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Transient Ischaemic Attack (TIA)


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Aeromedical Implications

Effect of aviation on condition

  • Lowering of seizure threshold by relative hypoxia

Effect of condition on aviation

  • Neuropsychological impairment e.g impaired attention, concentration, memory
  • Risk of incapacitation due to co-morbid conditions e.g CVD, diabetes, AF etc.
  • Overt incapacitation from event
    • Neurological incapacitation

Effect of treatment on aviation

  • Impaired 'g' tolerance secondary to drug therapy
  • Antiplatelet agents - haemorrhagic risk

Approach to medical certification

Based on the condition

  • Diagnosis of TIA
  • Exclusion of significant vascular pathology in other organs eg heart
  • Estimate of seizure risk
  • Estimate of TIA/CVA recurrence risk
  • Estimate of cardiac event risk

Based on Treatment

  • Acceptable, stable treatment without significant side effects
  • Management of co-morbidities e.g. cardiovascular disease, diabetes, hypertension etc.

Demonstrated Stability

  • Nil recurrence of neurological episode(s) during 12 month period of surveillance from time of diagnosis

Risk assessment protocol - Information required

New cases

On being diagnosed with a TIA please provide the following reports to CASA as a bundle as soon as they become available

  • Hospital admission notes
  • Results of Brain imaging
  • Results of blood tests
  • Hospital discharge letter
  • Initial Neurologist assessment

In many cases CASA will be able to make a preliminary assessment of the prospects for future certification on the basis of these reports and before the mandatory 12 month grounding period is complete.

In cases where the prognosis is less certain a follow up Neurologist report after the completion of the 12 month grounding period may be required.

A Cardiologist report may also be required after the completion of the mandatory 12 month grounding period.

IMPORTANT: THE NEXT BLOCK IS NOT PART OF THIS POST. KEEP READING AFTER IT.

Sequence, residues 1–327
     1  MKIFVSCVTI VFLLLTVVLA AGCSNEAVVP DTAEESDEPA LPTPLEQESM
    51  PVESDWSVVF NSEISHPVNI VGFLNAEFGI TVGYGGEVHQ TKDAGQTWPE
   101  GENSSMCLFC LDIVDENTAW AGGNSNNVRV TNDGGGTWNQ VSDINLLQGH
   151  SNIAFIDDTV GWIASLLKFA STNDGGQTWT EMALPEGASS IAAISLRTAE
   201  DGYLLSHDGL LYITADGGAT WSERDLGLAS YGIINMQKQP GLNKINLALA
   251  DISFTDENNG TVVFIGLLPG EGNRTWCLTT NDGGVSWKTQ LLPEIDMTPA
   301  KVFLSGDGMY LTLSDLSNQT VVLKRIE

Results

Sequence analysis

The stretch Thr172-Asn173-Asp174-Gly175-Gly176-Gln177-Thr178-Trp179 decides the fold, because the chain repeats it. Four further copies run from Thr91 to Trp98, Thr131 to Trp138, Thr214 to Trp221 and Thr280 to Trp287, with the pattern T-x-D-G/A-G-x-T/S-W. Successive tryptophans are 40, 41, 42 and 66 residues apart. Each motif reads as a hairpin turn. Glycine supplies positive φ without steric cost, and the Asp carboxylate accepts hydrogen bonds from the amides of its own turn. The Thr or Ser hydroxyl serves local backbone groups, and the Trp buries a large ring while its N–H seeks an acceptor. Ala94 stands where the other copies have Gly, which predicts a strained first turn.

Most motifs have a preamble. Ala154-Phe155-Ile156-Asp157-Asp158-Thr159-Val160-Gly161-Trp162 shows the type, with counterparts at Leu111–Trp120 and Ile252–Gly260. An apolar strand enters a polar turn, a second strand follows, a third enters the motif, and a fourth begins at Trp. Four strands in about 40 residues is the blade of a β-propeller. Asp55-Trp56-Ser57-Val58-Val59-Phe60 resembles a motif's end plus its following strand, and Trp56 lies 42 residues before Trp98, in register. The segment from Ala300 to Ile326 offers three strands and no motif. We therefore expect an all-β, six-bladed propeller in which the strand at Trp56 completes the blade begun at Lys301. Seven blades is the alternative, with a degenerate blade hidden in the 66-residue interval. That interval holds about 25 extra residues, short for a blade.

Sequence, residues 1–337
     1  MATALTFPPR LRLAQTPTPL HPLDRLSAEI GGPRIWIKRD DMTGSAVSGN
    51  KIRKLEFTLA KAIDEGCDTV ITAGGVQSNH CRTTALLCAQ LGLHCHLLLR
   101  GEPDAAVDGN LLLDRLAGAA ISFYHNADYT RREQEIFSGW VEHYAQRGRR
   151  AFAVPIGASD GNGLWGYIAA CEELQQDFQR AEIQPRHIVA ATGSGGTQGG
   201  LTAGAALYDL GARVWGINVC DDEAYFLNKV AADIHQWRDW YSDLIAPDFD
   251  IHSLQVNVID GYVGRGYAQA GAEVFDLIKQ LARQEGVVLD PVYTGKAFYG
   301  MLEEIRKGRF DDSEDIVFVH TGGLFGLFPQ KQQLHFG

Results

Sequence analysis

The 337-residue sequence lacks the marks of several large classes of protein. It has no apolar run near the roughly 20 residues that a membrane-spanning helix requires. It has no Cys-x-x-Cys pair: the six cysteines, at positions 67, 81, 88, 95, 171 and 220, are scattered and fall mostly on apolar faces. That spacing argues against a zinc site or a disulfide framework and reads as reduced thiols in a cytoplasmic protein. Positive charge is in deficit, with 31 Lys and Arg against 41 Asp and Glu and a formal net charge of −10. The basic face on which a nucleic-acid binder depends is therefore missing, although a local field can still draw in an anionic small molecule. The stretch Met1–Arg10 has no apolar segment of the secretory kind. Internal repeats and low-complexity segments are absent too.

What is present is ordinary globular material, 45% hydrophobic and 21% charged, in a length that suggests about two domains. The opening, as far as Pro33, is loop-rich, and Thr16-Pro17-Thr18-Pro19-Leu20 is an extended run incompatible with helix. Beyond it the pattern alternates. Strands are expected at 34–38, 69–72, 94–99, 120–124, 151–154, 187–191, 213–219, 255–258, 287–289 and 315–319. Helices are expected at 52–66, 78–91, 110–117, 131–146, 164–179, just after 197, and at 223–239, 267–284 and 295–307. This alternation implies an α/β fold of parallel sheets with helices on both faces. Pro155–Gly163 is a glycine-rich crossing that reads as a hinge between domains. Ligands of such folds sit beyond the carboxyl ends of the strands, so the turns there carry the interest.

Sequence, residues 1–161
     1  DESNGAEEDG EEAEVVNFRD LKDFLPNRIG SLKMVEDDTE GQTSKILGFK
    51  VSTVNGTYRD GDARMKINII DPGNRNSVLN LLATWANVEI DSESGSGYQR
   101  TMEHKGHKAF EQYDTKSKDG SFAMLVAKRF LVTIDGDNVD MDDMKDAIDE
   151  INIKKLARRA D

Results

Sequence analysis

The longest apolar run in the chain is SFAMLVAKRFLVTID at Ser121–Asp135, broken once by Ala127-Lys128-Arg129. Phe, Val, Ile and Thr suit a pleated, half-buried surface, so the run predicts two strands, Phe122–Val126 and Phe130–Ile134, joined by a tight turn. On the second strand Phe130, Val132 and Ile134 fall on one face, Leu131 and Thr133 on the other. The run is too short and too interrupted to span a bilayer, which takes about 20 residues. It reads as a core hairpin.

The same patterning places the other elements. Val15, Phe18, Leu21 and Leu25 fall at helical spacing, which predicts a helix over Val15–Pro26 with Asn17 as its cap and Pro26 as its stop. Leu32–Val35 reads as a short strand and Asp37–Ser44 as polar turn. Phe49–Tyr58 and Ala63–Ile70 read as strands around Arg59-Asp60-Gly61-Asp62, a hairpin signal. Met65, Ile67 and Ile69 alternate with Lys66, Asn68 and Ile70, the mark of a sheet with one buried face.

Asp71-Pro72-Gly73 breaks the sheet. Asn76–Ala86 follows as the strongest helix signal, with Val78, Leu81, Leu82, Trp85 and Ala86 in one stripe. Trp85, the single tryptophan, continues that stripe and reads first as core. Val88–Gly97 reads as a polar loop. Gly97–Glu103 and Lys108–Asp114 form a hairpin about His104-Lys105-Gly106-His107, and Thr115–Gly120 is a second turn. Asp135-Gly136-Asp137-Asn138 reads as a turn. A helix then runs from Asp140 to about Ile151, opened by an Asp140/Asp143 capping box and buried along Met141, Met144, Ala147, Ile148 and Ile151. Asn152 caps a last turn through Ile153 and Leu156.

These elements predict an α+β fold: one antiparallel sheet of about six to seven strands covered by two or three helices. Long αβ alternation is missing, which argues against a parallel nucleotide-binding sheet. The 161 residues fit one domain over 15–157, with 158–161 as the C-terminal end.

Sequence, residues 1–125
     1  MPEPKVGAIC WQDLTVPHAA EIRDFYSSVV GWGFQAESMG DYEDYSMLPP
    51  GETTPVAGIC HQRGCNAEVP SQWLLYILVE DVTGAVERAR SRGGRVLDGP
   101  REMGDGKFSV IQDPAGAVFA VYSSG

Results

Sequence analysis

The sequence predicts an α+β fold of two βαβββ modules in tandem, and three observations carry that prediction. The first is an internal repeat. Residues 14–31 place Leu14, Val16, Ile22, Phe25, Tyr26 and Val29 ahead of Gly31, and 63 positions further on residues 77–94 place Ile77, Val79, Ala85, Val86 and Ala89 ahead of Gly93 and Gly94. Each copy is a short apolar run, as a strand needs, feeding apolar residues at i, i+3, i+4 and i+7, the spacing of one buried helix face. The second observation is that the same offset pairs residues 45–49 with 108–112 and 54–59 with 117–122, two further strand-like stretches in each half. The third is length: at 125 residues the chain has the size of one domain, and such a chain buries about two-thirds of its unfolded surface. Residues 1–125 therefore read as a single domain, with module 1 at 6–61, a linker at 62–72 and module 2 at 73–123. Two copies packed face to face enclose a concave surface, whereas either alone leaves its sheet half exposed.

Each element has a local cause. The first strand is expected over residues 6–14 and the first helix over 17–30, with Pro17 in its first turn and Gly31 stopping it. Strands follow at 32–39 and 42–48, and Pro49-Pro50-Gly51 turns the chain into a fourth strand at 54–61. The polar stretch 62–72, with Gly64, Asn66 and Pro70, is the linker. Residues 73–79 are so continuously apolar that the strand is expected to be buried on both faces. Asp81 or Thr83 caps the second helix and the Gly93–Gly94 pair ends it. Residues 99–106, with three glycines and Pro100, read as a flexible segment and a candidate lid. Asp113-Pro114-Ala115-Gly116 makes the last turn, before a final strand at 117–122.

Renewal (if applicable)

Where CASA is able to issue a medical certificate, at renewal, it requires a report from the Neurologist/Physician monitoring the applicant's TIA. The specialists report should detail:

  • Clinical status
    • Progress
    • any neurological episodes in the preceding 12 months
    • any cardiac episodes in the preceding 12 months
  • Investigations conducted
    • results of a recent (within the last 3 months) stress test
    • ANY relevant investigations undertaken in the interim
  • Management
    • control of cardiovascular risk factors
    • side-effects
  • Proposed monitoring and follow-up plan
  • CHA2DS2VASC score (if relevant)
  • Prognosis including annualised percentage risk of:
    • recurrence of TIA
    • CVA
    • Myocardial Infarction
    • references for opinion

Indicative outcomes

  • Grounding required immediately and notification to CASA
  • Because of risk of seizure and recurrence of TIA or CVA, a minimum period of 12 months grounding after TIA will be required
  • Applicants with unacceptable recurrence risk and/or risk of myocardial infarction may not meet the required standard for medical certification
  • If a certificate can be issued, permanent annual requirement for cerebrovascular and cardiovascular risk assessment may be required
  • If a certificate can be issued, permanent Multi-crew (Class 1) or Safety Pilot (Class 2) restriction may be required


  • Medical therapy for management of risk factors for cardiovascular and cerebrovascular disease


  • Unacceptable risk of future vascular events associated with combined history of TIA and co-morbidities
  • Significant coronary artery disease - see coronary artery disease advice

Pilot and Controller Information

  • TIA is an aero-medically significant medical condition.
  • It is a significant risk factor for further TIA, Stroke and Heart Attack.
  • Pilots and controllers who have been diagnosed with TIA are required to ground themselves and notify this condition to their DAME or CASA.
  • Applicants with unacceptable stroke, TIA or heart attack risk may not meet the required standard for medical certification.